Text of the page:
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Dress codes are something that people often get pretty passionate about, some will argue that employees should be able to dress in ways which promote their creativity – often citing Steve Jobs, while others will talk about the investment that the business has made in its branding – with the dress code being an integral part of that brand. I’m neither for or against, I dress the way I feel most comfortable, and I work in organisations where people dress in a way which I see as appropriate and professional.

The way we dress communicates an aspect of the culture of the organisation, and so long as your employees dress in a way which communicates the desired culture then whether you have a formal dress code or not, it doesn’t matter. Some people simply don’t wish to wear formal business attire, and so will select not to work in organisations with that expectation, others will select to work for organisations whose members do wear formal business attire.

I have an aunt Mary, who now retired used to do HR consulting following a successful career as an in-house HR Manager/Director. She tells a story of a new senior manager who wore long sleeves to work, and her Executive Assistant mentioning that he wouldn’t last. The usual standard in this organisation was short-sleeved business shirts rather than long-sleeved. From what Mary tells me the individual worked well, however, he didn’t quite fit in and left within a few months. With or without a dress code, we self-regulate. As a gregarious specious we have an inbuilt desire to fit in – where we don’t fit in we either leave or are pushed.

People’s behaviour in this area is actually really interesting, casual Fridays are a thing in many organisations I’ve worked in. I don’t really participate – I’m more of a suit and cufflinks kind of guy. I’ve noticed as a trend, that I have fewer non-work conversations with my colleagues on Fridays that I do on any other weekday. We’re certainly an interesting species.

So to provide some kind of a wrap up to this post, whether your organisation has a written dress code or not, it has a dress code. And your dress code will influence the people that work for you, as long as you’re happy with the people that you employ and the talent that applies to work for you then you’re fine. If however, you’re not happy, then it’s time to have a conversation.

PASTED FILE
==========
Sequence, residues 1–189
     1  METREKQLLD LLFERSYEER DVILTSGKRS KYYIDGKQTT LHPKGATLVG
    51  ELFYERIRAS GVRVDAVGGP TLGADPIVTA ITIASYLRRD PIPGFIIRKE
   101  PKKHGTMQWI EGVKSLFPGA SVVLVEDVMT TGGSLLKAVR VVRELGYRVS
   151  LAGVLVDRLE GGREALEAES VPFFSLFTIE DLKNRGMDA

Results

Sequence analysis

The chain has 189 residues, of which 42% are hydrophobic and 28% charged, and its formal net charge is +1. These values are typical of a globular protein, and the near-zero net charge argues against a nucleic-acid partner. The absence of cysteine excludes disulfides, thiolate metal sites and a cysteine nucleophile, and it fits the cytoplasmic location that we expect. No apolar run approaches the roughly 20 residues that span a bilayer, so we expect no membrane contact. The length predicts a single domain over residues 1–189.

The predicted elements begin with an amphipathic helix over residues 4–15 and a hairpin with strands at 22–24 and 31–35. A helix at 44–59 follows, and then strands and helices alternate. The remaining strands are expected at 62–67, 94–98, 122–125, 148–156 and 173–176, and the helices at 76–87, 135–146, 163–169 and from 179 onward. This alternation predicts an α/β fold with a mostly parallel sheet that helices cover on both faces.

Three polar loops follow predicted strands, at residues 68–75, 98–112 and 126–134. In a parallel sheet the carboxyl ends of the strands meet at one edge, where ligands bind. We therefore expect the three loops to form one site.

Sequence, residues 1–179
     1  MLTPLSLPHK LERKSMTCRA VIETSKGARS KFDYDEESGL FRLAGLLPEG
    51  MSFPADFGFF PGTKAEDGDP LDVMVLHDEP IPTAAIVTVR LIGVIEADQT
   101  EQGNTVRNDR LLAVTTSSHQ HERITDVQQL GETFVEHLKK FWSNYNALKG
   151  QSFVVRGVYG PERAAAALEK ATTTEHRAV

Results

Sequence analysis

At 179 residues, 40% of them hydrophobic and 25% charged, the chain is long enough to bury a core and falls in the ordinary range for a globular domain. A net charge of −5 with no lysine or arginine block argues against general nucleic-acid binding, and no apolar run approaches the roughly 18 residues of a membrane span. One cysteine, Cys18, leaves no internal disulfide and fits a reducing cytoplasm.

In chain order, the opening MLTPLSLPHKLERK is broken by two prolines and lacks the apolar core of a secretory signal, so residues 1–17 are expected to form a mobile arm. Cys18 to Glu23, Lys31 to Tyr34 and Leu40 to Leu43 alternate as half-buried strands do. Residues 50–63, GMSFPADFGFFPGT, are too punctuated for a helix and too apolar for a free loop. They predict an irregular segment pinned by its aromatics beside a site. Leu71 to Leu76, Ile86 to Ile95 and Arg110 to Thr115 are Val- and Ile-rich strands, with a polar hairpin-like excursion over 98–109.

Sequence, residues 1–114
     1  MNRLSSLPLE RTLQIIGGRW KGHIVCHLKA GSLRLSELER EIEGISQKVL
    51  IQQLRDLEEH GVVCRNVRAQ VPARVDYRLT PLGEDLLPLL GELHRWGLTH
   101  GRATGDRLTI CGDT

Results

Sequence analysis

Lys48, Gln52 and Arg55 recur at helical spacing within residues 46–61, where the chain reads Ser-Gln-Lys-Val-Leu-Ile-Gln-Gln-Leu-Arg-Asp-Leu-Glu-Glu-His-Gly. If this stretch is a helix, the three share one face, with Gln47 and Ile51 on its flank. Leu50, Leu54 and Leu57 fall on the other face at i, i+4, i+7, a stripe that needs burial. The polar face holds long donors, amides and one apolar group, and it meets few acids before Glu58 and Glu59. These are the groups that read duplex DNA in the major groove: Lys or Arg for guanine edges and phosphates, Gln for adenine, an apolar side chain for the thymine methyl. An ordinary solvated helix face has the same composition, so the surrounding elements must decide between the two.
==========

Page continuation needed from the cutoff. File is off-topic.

By Brendan Lys

Operating at the intersection of Human Resources and Data Science, I leverage extensive specialist experience within Human Resources, with the methodologies and approaches of Data Science. This focus on the discovery of actionable insights from data, has been applied to areas such as: remuneration & benefits, workforce planning, recruitment, health & safety, diversity, and training. But what does the application of data science to HR challenges and opportunities actually look like. Within an HR framework the data we work with typically comes directly from our HRMIS, an advantage of using data science methodologies is that we can bring in additional data either held within the organization or from external sources - data which is out of reach from a pure HR analytics approach. Consider for example position descriptions, these contain a wealth of data that we typically ignore as its not in a analysis ready format. A side project I'm working on currently (April 2019) is using text mining on job descriptions to provide insights into which job family the position may fit into. The insights of my work have been enjoyed by organizations across a diversity of sectors including: Government (Australia and New Zealand), ASX and NZX listed companies, utilities, not for profit and higher education.